Being your own boss can be a bitch sometimes, but these days it's the only way for RJD2.

Being your own boss can be a bitch sometimes, but these days it's the only way for RJD2.

Last year the Columbus native, born Ramble John Krohn, set aside his affiliations with Definitive Jux and XL Records and reissued his old albums and a box set on his own label, RJ's Electrical Connections. The Colossus, the latest LP Krohn cooked up in his Philadelphia home studio, became the label's first original offering last month.

"It's both freeing and shackling," Krohn said. "It's freeing in the sense that I don't have the concern about what I can and can't do with the future. So if I decide to release an album three months from now, in theory I can.

"In terms of I have less work, then no, I'm shackled to my BlackBerry and my laptop at all hours of the f---ing day, which isn't the most freeing thing. But at the same time it's certainly the most sustainable way to go about making music."

For Krohn, starting his own label is the next logical step in a career that's confounded expectations and defied convention. After signing to the prestigious Def Jux label and rocketing to underground stardom with 2002's crate-digging opus Deadringer, he inched from instrumental hip-hop toward sleek pop songcraft on follow-up Since We Last Spoke.

For 2007's The Third Hand, Krohn eschewed samples, Def Jux and hip-hop altogether in favor of indie-pop and blue-eyed soul. He performed the entire album himself, including vocals, and released it on the rock-centric XL label. A year later, his "A Beautiful Mine" became the theme song for AMC's Mad Men.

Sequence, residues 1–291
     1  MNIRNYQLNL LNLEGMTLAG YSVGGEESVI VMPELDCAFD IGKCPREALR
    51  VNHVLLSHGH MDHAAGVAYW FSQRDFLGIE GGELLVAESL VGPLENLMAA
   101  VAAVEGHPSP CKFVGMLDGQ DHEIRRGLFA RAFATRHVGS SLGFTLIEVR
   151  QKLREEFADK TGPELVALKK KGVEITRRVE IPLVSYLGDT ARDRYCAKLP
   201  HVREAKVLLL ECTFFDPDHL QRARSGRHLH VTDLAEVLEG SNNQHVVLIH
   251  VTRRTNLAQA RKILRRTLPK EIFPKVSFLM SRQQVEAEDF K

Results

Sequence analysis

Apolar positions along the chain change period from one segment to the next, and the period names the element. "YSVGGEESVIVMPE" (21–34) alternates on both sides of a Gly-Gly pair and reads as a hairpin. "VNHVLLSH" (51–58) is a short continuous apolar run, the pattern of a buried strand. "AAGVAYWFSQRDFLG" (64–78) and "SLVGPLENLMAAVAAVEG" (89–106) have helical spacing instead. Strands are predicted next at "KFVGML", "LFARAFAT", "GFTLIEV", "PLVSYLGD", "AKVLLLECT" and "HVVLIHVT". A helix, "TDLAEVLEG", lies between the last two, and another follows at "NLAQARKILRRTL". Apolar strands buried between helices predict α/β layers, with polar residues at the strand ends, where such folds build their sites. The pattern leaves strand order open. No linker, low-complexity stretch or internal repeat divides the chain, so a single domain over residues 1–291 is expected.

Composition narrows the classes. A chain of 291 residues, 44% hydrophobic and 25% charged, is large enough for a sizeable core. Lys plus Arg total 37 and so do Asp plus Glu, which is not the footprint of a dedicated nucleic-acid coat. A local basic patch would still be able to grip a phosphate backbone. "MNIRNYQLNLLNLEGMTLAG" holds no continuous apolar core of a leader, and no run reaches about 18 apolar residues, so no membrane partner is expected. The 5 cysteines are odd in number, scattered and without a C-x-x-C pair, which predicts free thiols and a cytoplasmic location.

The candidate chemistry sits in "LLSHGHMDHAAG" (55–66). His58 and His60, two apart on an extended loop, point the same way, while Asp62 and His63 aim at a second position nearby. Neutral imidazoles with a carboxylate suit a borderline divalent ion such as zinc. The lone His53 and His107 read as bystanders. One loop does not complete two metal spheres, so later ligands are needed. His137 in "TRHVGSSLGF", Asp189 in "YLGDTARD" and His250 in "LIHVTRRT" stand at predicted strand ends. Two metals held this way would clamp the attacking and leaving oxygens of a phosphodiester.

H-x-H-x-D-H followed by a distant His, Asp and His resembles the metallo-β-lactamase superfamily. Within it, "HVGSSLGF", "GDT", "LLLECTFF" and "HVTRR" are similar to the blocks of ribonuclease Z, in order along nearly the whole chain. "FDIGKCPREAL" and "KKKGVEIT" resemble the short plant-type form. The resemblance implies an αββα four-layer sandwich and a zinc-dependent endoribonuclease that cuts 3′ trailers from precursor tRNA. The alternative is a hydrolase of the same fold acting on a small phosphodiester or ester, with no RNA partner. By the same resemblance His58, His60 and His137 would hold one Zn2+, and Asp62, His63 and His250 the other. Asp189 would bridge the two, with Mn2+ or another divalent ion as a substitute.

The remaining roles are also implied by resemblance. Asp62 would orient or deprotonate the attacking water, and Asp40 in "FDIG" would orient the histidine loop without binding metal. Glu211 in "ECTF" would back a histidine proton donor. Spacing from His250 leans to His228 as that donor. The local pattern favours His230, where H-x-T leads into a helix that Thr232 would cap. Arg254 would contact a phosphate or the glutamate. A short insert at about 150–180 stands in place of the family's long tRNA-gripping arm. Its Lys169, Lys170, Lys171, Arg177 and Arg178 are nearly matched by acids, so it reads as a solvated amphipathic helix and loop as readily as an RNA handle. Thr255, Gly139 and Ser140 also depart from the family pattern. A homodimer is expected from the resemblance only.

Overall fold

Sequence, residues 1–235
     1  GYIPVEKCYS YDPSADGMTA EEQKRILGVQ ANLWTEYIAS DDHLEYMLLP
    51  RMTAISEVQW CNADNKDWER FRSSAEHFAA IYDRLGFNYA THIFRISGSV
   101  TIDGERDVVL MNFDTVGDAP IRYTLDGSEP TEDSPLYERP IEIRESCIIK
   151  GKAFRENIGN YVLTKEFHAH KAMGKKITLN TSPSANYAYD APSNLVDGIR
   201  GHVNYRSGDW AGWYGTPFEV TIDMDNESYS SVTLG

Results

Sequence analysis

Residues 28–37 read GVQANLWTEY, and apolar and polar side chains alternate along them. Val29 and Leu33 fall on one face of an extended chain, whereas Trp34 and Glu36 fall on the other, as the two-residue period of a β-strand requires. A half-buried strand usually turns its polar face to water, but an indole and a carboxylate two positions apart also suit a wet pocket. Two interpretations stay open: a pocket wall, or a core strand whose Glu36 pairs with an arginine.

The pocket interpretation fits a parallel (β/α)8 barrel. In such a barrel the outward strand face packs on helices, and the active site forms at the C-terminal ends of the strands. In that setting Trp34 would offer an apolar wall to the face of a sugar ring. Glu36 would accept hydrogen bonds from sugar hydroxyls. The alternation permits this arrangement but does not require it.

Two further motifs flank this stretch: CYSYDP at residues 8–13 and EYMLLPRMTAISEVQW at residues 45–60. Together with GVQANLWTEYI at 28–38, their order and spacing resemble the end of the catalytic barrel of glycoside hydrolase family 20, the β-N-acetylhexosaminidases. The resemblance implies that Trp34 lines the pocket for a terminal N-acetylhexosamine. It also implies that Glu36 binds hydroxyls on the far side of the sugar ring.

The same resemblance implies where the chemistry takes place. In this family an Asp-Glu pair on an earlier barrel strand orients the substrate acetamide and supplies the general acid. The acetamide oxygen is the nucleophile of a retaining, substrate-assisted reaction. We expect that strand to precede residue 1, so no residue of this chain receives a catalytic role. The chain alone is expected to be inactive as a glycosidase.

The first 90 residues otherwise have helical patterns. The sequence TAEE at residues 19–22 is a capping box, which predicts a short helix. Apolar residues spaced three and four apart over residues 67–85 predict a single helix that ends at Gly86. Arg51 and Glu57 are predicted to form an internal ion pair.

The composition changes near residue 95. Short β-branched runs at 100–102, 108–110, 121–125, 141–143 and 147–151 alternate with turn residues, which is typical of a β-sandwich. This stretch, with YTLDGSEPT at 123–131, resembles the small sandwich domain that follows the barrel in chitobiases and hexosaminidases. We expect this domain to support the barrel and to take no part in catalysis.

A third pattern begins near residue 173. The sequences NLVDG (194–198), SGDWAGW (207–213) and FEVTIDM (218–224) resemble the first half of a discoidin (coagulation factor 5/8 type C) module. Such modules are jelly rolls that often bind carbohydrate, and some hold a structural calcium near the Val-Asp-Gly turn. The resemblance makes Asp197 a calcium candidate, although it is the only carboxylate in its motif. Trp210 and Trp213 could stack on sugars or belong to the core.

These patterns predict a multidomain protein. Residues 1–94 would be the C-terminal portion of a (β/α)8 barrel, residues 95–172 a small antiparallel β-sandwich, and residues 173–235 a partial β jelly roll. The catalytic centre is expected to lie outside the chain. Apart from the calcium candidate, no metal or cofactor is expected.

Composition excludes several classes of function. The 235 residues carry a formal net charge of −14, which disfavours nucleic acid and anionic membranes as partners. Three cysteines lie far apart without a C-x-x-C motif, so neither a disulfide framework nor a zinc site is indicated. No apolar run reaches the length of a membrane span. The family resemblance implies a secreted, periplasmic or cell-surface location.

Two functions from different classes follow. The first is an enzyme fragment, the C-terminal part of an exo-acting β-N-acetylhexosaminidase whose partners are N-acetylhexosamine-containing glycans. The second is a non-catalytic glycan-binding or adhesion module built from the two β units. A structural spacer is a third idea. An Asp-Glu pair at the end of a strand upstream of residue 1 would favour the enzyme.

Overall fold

The Colossus is Krohn's attempt to survey everything he's done in the past decade: "Working with rappers, working with singers, sample-based music and doing some live music." The grab-bag approach is yet another left turn for an artist whose albums have always shined for their consistency.

On "A Son's Cycle," he features Columbus rappers The Catalyst, Illogic and N.P., keeping ties strong to the scene that birthed him. He also continues to use local legends Derek DiCenzo, Happy Chichester and Sam Brown as his touring band for the show that's coming to Skully's on Friday.

Krohn, of course, is operating as his own tour manager, which means he's responsible for taking care of his band, driver and sound guy plus an incredible load of equipment.

"On top of that, I have two costume changes and a wireless MIDI remote suit thing that I need to manage," Krohn said. "There's an enormous amount of stuff to go wrong. And to top it all off, I don't ever put these shows together the traditional way."

This show is no exception. Besides RJ's usual array of turntable work and full-band performance, he's starting and ending the show wearing the aforementioned MIDI suit, a series of electronic music triggers built into a device on his belt that spins around like a ZZ Top guitar.

"It's on my crotch, basically," Krohn explained.

The idea for the device sprung from Krohn's 2006 tour with Soul Position, his hip-hop duo with Columbus rapper Blueprint. Krohn wired his sampler to wear around his neck so he could perform at the front of the stage.

"I would basically come out and play the MPC and we would do these dumb little dances," Krohn said. "It was stupid and funny, but it worked."

He couldn't have crafted a better career synopsis than that.